Since 1973, all new vehicles are required by law to have a tyre placard. This is affixed to the car by car manufacturer on purchase. It can often be found in the glove box, on the load driver’s door pillar, on the inside of the fuel cap or sometimes under the bonnet of your car. The tyre placard provides essential recommended information on tyre pressures, load capacity and speed rating. Tyre placard also includes information regarding original and optional tyres and rims for that vehicle model.
Wheels and tyres are vital to your safety. Since 1971, Australian Design Rule 24 have been progressively introduced to specify wheel rims that will stop a deflated tyre from coming off the wheel, to determine strength, air pressures, speed ratings and allowable combinations of a wheel and tyre sizes. This is beneficial base information; however, there will be times when you may require more detailed knowledge than the tyre placard gives.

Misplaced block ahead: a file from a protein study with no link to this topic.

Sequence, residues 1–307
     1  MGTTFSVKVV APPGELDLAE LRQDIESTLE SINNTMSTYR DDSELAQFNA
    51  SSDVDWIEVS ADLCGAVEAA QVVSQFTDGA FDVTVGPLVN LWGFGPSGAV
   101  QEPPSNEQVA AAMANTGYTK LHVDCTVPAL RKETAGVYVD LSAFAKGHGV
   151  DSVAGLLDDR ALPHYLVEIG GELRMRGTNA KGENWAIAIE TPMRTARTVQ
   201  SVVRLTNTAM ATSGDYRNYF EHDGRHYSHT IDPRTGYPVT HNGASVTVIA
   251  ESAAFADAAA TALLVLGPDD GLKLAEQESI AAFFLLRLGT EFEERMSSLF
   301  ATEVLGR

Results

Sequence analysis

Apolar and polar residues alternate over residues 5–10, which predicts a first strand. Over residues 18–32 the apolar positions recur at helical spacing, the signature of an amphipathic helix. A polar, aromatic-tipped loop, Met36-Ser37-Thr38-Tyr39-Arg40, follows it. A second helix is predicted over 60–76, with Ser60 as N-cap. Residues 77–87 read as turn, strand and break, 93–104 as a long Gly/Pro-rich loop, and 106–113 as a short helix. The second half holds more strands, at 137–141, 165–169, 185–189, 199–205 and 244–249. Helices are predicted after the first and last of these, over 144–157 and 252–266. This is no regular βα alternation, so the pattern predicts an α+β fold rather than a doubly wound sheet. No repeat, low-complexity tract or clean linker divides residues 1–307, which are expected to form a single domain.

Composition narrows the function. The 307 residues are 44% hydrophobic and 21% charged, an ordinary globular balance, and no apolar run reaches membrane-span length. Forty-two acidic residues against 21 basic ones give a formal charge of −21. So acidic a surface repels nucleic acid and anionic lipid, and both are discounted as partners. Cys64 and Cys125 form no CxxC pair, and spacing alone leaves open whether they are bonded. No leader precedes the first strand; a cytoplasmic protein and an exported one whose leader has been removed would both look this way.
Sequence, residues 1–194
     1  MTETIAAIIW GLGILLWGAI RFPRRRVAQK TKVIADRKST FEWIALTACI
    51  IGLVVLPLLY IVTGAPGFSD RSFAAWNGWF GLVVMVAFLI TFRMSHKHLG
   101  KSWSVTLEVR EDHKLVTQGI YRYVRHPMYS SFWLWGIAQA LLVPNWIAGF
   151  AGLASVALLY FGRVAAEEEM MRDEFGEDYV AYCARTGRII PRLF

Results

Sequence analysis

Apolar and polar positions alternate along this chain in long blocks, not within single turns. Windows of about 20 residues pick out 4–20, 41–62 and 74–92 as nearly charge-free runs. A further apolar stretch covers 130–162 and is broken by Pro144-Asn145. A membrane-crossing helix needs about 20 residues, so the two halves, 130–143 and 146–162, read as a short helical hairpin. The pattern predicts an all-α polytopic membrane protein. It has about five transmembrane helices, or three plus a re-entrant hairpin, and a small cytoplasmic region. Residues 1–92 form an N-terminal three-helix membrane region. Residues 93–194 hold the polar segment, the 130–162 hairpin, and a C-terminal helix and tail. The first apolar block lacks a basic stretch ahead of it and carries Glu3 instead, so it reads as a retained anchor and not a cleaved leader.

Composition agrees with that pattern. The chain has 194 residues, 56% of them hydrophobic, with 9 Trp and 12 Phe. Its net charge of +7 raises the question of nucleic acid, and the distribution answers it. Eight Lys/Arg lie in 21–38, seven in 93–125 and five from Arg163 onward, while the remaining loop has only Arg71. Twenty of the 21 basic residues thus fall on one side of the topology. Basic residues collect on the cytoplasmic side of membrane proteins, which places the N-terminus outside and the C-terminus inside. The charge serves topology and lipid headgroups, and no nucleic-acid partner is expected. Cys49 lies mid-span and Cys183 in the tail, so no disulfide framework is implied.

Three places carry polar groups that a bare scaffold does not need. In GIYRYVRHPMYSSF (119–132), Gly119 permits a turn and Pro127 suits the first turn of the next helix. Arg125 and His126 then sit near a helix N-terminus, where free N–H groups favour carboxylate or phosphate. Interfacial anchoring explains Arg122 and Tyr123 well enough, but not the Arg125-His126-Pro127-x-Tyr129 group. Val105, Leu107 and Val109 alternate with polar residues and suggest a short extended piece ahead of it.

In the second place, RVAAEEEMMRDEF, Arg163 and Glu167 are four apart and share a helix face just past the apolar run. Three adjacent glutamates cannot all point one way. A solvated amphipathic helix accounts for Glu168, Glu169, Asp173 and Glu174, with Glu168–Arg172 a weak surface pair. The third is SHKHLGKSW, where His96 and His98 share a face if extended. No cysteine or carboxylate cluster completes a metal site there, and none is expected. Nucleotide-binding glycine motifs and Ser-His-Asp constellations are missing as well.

As per Australian Design Rules, A vehicle under 4.5 tonnes may be equipped with tyres often than those listed on the tyre placard provided that:
- The tyre’s load rating is above or equal to minimum load rating listed on the tyre placard of the vehicle.
- The proper tyre’s speed rating of the passenger vehicle is at least 180 km/h when the tyre placard requires a higher speed rating than that.
Vehicle’s placard also guides for air pressure standards concerning heavy loads and sustained the high-speed operation. This is only a guide and if you are looking for more in-depth information regarding your Car Tyres, Consult with a professional of Car Tyres and You.
In case of tyre replacement, following information need to confirm first;
- Car tyres must follow the manufacturer’s rating standard as being suitable for road use,
- As per axel, construction and size of the tyre should be same.
- Car tyres should follow the rules of Australian Safety Standards.